4. Develop a value proposition: Using the JTBD framework, the company develops a value proposition that emphasizes their smart home security system’s ability to provide reliable and hassle-free security, easy installation and integration with existing devices, remote monitoring, and customizable features to meet the unique needs of each customer segment.
  5. Prototype and iterate: The company creates a prototype of the smart home security system, incorporating the identified features and addressing the pain points expressed by customers. They conduct user testing sessions, gather feedback, and iterate on the product design to ensure it aligns with customers’ needs and expectations.
  6. Positioning and messaging: The company crafts positioning and messaging that highlights the convenience, comfort, and personalized security experience offered by their smart home security system. They emphasize the system’s ability to seamlessly integrate into customers’ lifestyles, provide easy control via mobile devices, and deliver real-time alerts and notifications.
  7. Go-to-market strategy: Identifying the target customer segments and determining the most effective channels to reach them, such as online platforms, home improvement stores, and partnerships with security service providers. Establishing pricing, distribution strategies, and marketing campaigns that resonate with the identified segments’ preferences and pain points.
  8. Launch and track results: The company launches the smart home security system and closely monitors customer adoption, satisfaction, and usage patterns. They collect data on customer feedback, system performance, and market dynamics to evaluate the success of the product and make iterative improvements as needed.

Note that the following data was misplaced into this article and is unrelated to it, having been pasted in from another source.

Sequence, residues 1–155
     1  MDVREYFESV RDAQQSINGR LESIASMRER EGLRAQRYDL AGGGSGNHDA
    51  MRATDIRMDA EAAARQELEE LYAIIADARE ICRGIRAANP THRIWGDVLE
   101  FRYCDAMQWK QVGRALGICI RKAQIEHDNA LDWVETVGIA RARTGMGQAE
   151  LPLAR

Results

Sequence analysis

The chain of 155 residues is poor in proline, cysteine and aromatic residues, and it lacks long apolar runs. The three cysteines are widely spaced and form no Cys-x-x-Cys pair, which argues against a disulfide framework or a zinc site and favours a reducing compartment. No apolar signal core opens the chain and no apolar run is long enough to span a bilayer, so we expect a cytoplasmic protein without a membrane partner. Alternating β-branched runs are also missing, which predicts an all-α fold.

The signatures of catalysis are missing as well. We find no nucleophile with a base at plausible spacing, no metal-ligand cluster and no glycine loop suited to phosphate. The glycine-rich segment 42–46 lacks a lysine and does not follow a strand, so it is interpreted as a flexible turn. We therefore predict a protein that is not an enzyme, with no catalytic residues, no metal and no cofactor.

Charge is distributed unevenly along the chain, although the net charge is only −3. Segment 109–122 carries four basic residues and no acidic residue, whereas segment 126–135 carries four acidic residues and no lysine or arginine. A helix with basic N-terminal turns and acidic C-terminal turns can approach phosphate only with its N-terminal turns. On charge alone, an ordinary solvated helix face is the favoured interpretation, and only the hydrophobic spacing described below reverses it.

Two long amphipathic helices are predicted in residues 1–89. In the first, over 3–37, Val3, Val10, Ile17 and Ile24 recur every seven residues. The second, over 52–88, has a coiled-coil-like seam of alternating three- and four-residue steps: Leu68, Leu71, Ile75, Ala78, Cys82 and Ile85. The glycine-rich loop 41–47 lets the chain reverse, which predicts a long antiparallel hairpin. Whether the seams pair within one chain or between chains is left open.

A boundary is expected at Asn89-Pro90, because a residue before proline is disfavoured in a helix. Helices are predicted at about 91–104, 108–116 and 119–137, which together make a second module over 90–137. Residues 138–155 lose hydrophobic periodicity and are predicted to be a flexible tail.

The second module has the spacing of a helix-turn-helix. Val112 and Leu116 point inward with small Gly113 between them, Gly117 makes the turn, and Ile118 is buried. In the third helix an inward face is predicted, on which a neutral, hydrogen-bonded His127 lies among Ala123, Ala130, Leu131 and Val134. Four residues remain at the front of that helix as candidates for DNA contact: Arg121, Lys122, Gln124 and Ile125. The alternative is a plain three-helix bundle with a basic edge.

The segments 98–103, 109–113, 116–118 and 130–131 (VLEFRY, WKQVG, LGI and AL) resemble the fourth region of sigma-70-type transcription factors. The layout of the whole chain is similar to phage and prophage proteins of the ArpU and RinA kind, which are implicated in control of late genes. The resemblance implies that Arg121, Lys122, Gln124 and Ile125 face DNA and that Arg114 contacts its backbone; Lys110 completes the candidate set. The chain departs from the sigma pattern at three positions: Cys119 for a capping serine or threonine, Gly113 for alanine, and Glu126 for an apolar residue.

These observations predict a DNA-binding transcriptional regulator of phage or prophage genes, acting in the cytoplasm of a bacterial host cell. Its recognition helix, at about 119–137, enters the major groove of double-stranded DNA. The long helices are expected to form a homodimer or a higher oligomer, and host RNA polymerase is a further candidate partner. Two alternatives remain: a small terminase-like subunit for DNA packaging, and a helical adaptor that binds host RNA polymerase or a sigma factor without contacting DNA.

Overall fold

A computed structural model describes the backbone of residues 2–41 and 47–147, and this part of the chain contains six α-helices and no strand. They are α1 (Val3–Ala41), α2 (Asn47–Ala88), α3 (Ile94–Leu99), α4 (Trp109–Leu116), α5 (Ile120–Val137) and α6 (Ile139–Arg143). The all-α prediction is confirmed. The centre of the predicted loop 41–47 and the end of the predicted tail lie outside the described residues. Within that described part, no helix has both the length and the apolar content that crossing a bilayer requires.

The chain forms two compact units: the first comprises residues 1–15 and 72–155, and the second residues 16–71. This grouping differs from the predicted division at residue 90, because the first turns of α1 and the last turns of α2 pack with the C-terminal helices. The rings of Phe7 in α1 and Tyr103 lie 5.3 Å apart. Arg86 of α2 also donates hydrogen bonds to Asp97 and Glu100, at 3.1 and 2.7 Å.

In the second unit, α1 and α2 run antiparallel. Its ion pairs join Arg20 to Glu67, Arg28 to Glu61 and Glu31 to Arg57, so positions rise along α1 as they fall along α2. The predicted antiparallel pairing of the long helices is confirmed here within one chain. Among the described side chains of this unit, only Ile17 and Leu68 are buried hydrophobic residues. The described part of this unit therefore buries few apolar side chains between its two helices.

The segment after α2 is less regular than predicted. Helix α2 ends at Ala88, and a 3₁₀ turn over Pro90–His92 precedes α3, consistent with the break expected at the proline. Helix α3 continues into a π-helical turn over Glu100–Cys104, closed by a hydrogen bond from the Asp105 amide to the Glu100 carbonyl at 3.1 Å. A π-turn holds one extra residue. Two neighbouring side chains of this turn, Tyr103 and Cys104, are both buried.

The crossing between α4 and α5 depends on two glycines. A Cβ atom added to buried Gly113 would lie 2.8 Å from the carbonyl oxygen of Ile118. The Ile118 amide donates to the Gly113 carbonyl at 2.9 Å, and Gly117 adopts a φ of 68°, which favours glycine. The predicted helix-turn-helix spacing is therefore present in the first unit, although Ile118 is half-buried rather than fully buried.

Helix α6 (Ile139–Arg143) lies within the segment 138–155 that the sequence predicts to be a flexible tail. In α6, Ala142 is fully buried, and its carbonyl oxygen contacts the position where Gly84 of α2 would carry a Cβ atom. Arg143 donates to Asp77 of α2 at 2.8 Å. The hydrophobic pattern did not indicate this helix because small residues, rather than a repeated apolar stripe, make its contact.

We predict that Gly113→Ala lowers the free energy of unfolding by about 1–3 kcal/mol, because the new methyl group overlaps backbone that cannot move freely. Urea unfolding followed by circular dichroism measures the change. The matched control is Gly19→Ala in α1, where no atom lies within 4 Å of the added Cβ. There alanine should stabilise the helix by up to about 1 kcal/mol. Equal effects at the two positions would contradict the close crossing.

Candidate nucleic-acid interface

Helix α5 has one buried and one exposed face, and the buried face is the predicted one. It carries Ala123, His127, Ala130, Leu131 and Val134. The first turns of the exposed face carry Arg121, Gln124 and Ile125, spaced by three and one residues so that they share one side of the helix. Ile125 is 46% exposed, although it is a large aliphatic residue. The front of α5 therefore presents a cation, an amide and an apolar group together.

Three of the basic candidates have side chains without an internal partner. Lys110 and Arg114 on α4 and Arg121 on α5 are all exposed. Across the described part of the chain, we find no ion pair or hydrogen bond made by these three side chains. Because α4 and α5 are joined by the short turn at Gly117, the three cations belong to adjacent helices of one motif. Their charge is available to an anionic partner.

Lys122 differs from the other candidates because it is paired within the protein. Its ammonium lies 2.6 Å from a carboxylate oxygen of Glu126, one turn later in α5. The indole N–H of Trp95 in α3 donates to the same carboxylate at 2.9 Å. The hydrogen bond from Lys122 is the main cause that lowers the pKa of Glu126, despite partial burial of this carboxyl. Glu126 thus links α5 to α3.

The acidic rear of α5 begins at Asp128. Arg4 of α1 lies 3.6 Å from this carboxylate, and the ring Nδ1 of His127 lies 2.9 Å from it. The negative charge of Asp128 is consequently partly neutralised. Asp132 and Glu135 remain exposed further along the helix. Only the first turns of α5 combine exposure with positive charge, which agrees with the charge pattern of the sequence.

9. Ongoing improvement: Remaining engaged with customers, collecting feedback on their experiences, and using data analytics to identify opportunities for further improvements. Continuously iterating on the product, introducing new features and services that better serve the customers’ evolving needs and the job-to-be-done of keeping homes safe and secure.

Example 2

Nike is a prime example of how the Jobs-to-be-Done (JTBD) theory can be applied to serve the needs of runners. By understanding the core JTBD for runners, Nike has developed products and experiences catering to their customers’ desired outcomes.

Nike conducts extensive customer research in order to gain insights into runners’ motivations, pain points, and goals. They recognize that runners seek to improve their performance, stay motivated, and feel comfortable during their distances. These insights guide Nike’s product development to create innovative solutions that address these needs.

Nike focuses on delivering performance, comfort, and support through their running shoe line. They leverage advanced technologies, such as responsive cushioning, lightweight materials, and supportive designs, to enhance the running experience and help runners achieve their goals.

Additionally, Nike offers digital solutions like the Nike Run Club app, which provides personalized training plans, tracking capabilities, and a supportive community. This addresses runners’ desire for motivation, goal-setting, and progress tracking, allowing them to stay engaged and connected to their running journey.
By embracing the power of the JTBD theory, the company gains the ability to develop a product or service that not only meets customers’ specific needs and pain points but also finds out about their deepest motivations. This customer-centric approach significantly enhances the chances of creating a solution that resonates with customers, stimulating high usage rates and creating a strong demand for the product in the market.